Activity to try: If your students were president, what would “First Mothers” say about their own moms? Have children write additional entries in the style of the book.
Best Books About Elections for Grades 6-8
Written by Carolyn Jackson
We like this introduction to the political process for its simple explanation of complex topics such as the electoral college and voter’s rights. In addition to helping your students understand this year’s campaigns, it may inspire them to become involved in politics themselves.
Activity to try: Challenge students to stage a mock election between the real candidates or a pair of fun stand-ins (such as Coke and Pepsi or Harry Potter and Percy Jackson).
This graphic guide to our nation’s capital has the feel of an insider’s tour, with features on the city’s music scene and Prohibition tangles in addition to its rich political life. Cool enough for middle schoolers, this appealing overview will be a win with teachers, too.
Activity to try: Invite students to make custom maps on Google that show key historical sites around Washington, DC.
By Rebecca Behrens
Living in the White House is like being permanently grounded. Only with better security. First daughter Audrey is ready to give up and spend the next four years totally friendless―until she discovers Alice Roosevelt’s hidden diary.
Activity to try: Assign students U.S. presidents and ask them to do research on their children — what paths did they take? Did they end up working in politics as well? Include a mix of current and more historic first families.
Best Books About Elections for Grades 9–12
By Ari Berman
Countless books have been written about the civil rights movement, but far less attention has been paid to what happened after the dramatic passage of the Voting Rights Act in 1965 and the turbulent forces it unleashed. In this groundbreaking narrative history, Ari Berman charts both the transformation of American democracy under the VRA and the counterrevolution that has sought to limit it from the moment the act was signed into law.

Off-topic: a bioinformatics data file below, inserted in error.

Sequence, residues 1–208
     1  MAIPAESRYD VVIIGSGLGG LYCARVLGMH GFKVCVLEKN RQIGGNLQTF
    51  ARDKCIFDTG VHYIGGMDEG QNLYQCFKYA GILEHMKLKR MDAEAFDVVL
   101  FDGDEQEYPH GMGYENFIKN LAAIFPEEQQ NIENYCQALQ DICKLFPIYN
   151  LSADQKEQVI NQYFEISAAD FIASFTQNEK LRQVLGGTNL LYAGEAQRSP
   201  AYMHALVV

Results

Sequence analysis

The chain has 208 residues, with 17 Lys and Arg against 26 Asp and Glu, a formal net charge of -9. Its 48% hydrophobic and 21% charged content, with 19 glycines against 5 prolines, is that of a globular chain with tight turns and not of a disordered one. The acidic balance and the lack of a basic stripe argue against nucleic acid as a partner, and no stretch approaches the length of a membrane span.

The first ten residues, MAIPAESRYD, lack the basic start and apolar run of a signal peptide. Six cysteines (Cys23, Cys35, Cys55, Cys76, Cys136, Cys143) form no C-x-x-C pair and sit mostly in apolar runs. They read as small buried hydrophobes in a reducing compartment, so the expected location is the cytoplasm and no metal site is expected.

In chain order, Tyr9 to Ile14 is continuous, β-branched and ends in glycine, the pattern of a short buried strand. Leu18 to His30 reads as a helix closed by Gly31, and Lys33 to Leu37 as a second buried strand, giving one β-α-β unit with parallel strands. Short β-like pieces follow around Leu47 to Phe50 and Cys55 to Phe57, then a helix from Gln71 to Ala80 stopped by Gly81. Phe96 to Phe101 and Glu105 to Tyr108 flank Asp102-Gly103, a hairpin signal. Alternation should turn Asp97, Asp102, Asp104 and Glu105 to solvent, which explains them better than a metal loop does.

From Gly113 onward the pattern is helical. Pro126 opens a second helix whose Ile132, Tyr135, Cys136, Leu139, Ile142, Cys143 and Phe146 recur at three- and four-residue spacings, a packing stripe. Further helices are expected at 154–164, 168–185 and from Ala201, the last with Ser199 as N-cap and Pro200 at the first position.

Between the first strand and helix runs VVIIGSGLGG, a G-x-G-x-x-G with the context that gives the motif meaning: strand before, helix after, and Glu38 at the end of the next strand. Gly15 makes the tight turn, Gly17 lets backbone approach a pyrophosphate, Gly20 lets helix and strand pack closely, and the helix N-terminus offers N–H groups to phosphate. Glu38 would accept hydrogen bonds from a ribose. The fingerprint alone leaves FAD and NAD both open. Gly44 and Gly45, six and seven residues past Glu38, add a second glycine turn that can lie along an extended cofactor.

Activity to try: Have your students research the ways in which people are kept from voting today. You may want to include guidance on looking for bias in the news.
Written by Jim Lehrer
Students will gain a better understanding of the ins and outs of politics and speechmaking through this compelling account, which describes what it’s like to be front and center as moderator at the presidential debates.
Activity to try: Watch clips of some of the debates Lehrer describes on YouTube.
Written by David Mizner
Hartsburg, Ohio, is a vintage rust-belt town on the wane; the factories and foundries are closed. And as the local cineplex gives way to yet another fundamentalist church, an ideological turf war has begun. Oppressed by a dominant culture hostile to her values, born-again Christian mom Bevy Baer decides to run for a spot on the school board. Her plucky door-to-door campaign finds trouble when it runs into Wallace Cormier.
Activity to try: Have your students interview members of your local school board about how they were elected.